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The Toast’s previous coverage of trans* issues can be found here.

Nothing makes you feel quite as old (at 26, no less) as realizing your students—all university freshmen—don’t recognize a basic aspect of your internet childhood. In this case, it was the idea that pre-search engine, websites had to be manually connected via webrings. And though they laughed at the clip I showed of “classic” internet explainer material, Moms on the Net (which we also mined for gender stereotypes), they protested any characterization of themselves as being “young.” “We’re not that young,” one student huffed indignantly. “Most of us are 18, at least.”

Which means most of them were 2 when Netscape Navigator came out. I, however, was 8. At age 10, I was very proud of my be-GIFed Geocities webpage, constructed entirely in Microsoft FrontPage. I spent much of my middle school and high school years moderating a semi-popular anime message board, now defunct and forgotten.

While I remained unaware of them for many years, drastic changes were simultaneously happening in transgender organizing throughout my childhood. Though access to online spaces remained limited by economic and knowledge barriers for many years, trans* individuals began to connect on BBSes (Bulletin Board Systems), mailing lists, and Usenet groups such as alt.transgendered and The rise of the webpage as a format made sites such as Lynn Conway’s Transsexual Women’s Successes: Links and Photos possible. Though Conway’s site doesn’t look like much now, it was for many years an invaluable archive that refuted the narrative one couldn’t have a successful life following transition. Many of these lists and sites have been lost to history or, like alt.transgendered, limp along, mostly filled with far-right spam and porn ads.

Now, of course, you can Google “transgender,” “ftm,” or “mtf” if you’re curious. Where individuals may once have had to save scrapbooks of press clippings, scour medical textbooks, or wait for their monthly newsletter or meeting to see others like them, now they could go online to scour trans wiki and forums, watch transition vlogs, and scroll past pages and pages of selfies. Organizations like Bois of Baltimore, blogs like Monica Roberts’ TransGriot, and the #girlslikeus hashtag, to name just a few, provide support for a segment of the trans* population that remains underserved and underrepresented by trans* services and narratives.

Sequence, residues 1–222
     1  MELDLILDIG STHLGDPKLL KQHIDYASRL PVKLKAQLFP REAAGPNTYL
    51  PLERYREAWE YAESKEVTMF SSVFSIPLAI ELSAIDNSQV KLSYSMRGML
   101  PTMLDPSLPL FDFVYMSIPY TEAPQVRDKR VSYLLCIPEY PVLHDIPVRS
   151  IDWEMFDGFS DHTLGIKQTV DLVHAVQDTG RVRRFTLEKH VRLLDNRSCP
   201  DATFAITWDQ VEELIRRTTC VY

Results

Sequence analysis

As a life-long nerd, it’s not entirely surprising that my professional work ended up being online. As part of my masters’ research, I did a year of “field work” on transition vlogs prior to starting my thesis. In reality this means I spent hours watching vlogs, taking notes, and reading an ungodly amount of depressing Youtube comments. I color-coded pages upon pages of word documents with notes such as “homophobic insult” and “description of sexual attractiveness.” At the same time, I was finally on my way to beginning testosterone, or T. Even though I’d come out to friends three years earlier, I chose not to begin medical transition due to my geographic location–Alabama–and fear of losing my parents’ financial support.*

Prior to being on T, I rarely “passed” as male—coming from a family of folks shaped like squares and wide rectangles meant I was almost always read as a hippy butch lesbian. For those three years, I frequently felt stuck in time. Even if I knew my “future self” existed, every single moment required I reaffirm this fact.

During that period I also participated in a variety of LGBTQ “safe space” trainings for my undergraduate university as a “student panelist.” I now recognize that I was wildly unqualified to be doing this work, but it fit my then-personal identity as a “trans activist.” Mostly, it meant that I was willing to recount my life story before a room full of strangers in the name of “cultural sensitivity” and endure awkward and sometimes invasive questions with a modicum of grace. Because I wasn’t medically transitioning, I often felt it necessary to “prove” I was really trans* to my audience. Which meant reiterating that there definitely was a future me, and I was totally committed to pursuing them like the world’s most dedicated stalker. In these moments, present-Avery ceased to exist. I spoke of what I would do, what medical procedure I would get. In these moments, I could only conceive of myself in future tense: “When I…,” “After I…,” “I will…”. More than my sense of internal discomfort, this inability to change consumed me. If I was not pursuing medical change, I risked being called out as a phony. After all, didn’t I know I was supposed to be something else?